Mind Matters News and Analysis on Natural and Artificial Intelligence
Sunrise at the valley of orange plantation..Beginning of a new day with optimistic thought,inspiration concept..
Sunrise at the valley of orange plantation. Beginning of a new day with optimistic thought,inspiration concept.
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Seven Minutes to Goosebumps: Confronting Materialism Head On

A new short film series takes on materialism in science, including that of AI’s pop prophets

If you haven’t watched the recent release of the first episode of Discovery Institute’s Science Uprising, watch it now. The seven-minute video gave me goosebumps. The good kind. It’s a great summary of where pure materialism in science leads. And yes, that matters to AI.

In a clip from a now-banned TED talk, biochemist Rupert Sheldrake describes the presupposition of materialist science as the science delusion. He says: “The science delusion is the belief that science already understands the nature of reality in principle leaving only the details to be filled in.”

The presupposed principle is materialism. But such an untested ideological constraint is not science. Pure unsubstantiated materialism can be a brick wall, a roadblock hiding paths of investigation down which we might find evidence.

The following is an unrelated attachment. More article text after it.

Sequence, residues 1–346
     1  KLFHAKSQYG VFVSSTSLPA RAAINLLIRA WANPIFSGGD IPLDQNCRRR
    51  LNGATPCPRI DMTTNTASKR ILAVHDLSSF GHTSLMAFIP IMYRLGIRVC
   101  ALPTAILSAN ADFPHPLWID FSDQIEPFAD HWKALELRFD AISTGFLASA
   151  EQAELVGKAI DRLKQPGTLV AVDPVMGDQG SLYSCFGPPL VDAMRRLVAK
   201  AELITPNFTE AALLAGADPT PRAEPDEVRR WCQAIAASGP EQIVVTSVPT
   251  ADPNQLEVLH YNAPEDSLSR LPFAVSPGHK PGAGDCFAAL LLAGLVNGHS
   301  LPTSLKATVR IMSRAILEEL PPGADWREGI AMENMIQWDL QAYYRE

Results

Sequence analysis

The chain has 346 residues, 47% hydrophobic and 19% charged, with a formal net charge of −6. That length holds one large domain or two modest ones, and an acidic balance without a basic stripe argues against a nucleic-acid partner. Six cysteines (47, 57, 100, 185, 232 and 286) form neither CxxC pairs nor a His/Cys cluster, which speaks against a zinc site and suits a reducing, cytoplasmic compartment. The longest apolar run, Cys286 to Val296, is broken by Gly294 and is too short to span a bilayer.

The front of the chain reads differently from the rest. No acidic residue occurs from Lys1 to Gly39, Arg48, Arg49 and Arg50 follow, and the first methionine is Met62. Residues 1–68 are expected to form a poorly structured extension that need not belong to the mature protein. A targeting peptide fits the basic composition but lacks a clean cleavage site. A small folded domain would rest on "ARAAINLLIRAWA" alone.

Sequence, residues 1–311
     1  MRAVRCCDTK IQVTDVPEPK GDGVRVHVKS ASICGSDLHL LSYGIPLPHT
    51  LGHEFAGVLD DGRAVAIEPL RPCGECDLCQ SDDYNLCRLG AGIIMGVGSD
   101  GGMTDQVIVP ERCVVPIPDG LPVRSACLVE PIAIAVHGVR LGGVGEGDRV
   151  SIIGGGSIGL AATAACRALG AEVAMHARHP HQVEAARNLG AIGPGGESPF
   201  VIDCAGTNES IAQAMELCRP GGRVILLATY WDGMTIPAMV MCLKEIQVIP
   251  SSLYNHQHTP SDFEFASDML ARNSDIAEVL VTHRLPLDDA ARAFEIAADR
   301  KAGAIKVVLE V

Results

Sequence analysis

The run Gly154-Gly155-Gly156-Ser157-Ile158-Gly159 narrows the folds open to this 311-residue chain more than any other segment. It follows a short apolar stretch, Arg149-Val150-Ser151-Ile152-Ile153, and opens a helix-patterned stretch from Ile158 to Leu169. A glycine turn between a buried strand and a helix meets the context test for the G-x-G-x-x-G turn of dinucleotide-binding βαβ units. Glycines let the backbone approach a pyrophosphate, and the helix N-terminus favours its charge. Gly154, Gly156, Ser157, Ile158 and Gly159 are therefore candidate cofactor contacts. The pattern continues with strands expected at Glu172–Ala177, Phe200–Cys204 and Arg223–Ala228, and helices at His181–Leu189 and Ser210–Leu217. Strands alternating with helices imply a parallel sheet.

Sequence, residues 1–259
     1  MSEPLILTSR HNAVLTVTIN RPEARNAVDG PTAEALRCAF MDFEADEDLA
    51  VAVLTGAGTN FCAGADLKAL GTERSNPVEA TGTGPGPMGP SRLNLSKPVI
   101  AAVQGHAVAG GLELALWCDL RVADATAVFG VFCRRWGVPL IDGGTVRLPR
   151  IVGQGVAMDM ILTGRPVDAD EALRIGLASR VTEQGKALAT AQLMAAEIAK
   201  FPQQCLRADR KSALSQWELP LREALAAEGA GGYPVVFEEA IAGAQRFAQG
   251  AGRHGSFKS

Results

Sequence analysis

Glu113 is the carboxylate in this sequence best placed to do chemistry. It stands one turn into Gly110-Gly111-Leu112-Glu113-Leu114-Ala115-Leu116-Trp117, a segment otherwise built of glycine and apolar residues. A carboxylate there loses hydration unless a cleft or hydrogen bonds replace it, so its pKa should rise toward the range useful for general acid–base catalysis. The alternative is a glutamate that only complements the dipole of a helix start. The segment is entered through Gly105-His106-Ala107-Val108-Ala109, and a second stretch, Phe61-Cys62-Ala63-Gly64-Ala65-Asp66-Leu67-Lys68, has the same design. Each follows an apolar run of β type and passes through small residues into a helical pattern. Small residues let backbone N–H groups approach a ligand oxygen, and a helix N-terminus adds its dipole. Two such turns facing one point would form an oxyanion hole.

The materialist view underlies the forecasts of some AI prophets. According to the materialist, human properties like consciousness, creativity, and qualia must be the result of purposeless, as-yet-unidentified physical phenomena. They allow no other alternative.

At the Bradley Center, we are open to discussing and reporting any such discovery but are also open to evidence leading to alternative explanations. The spotlight of evidence must be followed no matter where it shines, even if contrary to deep and narrowly entrenched ideology.

Science Uprising wonderfully makes these points. I suspect many, like me, will watch the first episode more than once.

Note: The first episode features Bradley Center Senior Fellows Michael Egnor and Jay Richards.

Also by Robert J. Marks:: Things exist that are unknowable. A tutorial on Chaitin’s number


Robert J. Marks II

Director, Senior Fellow, Walter Bradley Center for Natural & Artificial Intelligence
Besides serving as Director, Robert J. Marks Ph.D. hosts the Mind Matters podcast for the Bradley Center. He is Distinguished Professor of Electrical and Computer Engineering at Baylor University. Marks is a Fellow of both the Institute of Electrical and Electronic Engineers (IEEE) and the Optical Society of America. He was Charter President of the IEEE Neural Networks Council and served as Editor-in-Chief of the IEEE Transactions on Neural Networks. He is coauthor of the books Neural Smithing: Supervised Learning in Feedforward Artificial Neural Networks (MIT Press) and Introduction to Evolutionary Informatics (World Scientific). For more information, see Dr. Marks’s expanded bio.

Seven Minutes to Goosebumps: Confronting Materialism Head On